Let's keep the debate about low carbon fuels focused on real public benefits, and not special interest spats.
You can teach an old dog new tricks. Take me for example. With the help of a lot of smart and web savvy folks here at the Institute on the Environment, I am learning how to blog. While I am learning, please bear with me as I learn the do's and don'ts and the proper etiquette of blogging.
Here, and in the next few entries, I want to spend some time introducing the topic of my blog by defining the three terms that comprise the title I've chosen. My apologies if that seems a bit tedious. But, it is my experience that our failure to communicate is often attributable to a lack of common understanding of even the most basic terms of a discussion.
Of the three terms in my blog title, biofuels is the easiest to explain. That's just a technical term. So I will come to that last of all. It's the other two terms that are troublesome.
Why do I start with "common sense"? Because, in the words of Rogers and Hammerstein, "it's a very good place to start." And it's what is most often missing in the debate about alternative energy and the choices we face as a society about our energy future.
I think that many of us equate common sense thinking with logical thinking. But for me common sense also relates to the events and ideas that all of us as human beings share based on our own experiences living in the world from day to day. Science, in that sense, is anything but common sense. It's a specialized kind of experience. For that reason, when scientists enter into the public debate over issues like energy, they often fail to communicate their ideas. Likewise, the rest of us who don't know or have the special knowledge and experience of these scientists, are frustrated in our attempts to understand what they have to say.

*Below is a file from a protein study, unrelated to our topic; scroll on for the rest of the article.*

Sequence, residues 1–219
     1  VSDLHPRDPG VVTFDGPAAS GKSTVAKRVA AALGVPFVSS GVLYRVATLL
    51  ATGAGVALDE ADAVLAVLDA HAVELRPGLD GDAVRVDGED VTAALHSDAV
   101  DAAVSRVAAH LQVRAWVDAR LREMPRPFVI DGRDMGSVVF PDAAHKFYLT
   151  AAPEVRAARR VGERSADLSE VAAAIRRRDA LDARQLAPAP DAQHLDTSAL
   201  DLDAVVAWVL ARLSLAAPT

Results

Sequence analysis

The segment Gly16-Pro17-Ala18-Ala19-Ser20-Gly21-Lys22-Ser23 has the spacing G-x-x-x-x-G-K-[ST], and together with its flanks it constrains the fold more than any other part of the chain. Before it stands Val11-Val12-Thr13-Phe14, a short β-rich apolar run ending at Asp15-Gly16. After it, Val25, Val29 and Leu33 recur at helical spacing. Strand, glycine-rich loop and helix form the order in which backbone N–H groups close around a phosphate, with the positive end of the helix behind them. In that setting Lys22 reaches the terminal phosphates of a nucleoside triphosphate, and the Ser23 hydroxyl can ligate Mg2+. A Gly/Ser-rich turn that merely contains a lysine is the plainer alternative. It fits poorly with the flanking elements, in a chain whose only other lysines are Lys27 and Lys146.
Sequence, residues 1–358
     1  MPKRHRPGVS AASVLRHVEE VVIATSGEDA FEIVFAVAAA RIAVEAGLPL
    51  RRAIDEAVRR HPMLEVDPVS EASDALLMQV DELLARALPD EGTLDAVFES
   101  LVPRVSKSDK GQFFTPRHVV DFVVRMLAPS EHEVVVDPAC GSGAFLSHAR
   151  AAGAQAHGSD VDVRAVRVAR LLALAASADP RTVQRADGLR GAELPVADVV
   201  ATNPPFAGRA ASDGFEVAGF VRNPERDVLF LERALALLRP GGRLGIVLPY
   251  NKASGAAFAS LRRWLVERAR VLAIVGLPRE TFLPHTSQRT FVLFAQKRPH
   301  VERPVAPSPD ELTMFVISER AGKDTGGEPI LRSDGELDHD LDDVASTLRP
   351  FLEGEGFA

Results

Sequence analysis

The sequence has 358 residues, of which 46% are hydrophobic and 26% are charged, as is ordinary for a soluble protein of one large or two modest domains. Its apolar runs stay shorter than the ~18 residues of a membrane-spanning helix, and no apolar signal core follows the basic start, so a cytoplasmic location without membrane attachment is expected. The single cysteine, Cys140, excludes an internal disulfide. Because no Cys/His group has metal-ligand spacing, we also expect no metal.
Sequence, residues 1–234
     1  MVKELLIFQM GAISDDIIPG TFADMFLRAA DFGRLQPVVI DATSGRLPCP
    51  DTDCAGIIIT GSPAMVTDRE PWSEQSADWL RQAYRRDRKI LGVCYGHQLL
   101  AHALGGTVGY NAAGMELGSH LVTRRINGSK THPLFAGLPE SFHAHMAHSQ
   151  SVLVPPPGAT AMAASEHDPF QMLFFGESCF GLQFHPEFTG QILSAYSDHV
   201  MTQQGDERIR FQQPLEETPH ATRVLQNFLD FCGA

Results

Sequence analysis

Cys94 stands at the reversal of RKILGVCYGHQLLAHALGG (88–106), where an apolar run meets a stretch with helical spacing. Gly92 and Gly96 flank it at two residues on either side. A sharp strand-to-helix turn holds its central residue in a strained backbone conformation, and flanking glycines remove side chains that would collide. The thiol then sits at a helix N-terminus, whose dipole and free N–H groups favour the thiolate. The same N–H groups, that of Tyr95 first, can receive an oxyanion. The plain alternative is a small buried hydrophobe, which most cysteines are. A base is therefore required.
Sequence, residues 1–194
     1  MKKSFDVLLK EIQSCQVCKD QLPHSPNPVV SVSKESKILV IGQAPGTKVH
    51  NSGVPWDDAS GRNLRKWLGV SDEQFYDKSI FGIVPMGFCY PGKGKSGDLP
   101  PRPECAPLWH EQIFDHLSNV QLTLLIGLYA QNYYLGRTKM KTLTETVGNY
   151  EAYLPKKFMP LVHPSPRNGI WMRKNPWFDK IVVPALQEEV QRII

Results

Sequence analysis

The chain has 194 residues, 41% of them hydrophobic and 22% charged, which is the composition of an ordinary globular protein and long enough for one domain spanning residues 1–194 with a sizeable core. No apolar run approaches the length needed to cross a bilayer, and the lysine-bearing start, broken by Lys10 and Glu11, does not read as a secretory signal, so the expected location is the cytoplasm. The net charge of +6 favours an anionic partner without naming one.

But there is more to the gap between science and common sense than just knowledge or experience. There are many common sense problems that cannot be resolved using the arcane experimental and theoretical devices of "the scientific method" we were all taught to practice and admire in high school. Common sense problems are complex. They don't lend themselves to careful and controlled experimental design. They are usually a tangled mess of influences, ideas, uncertainties and values. So, when scientists speak to such problems, they are often at a huge disadvantage (to put it politely).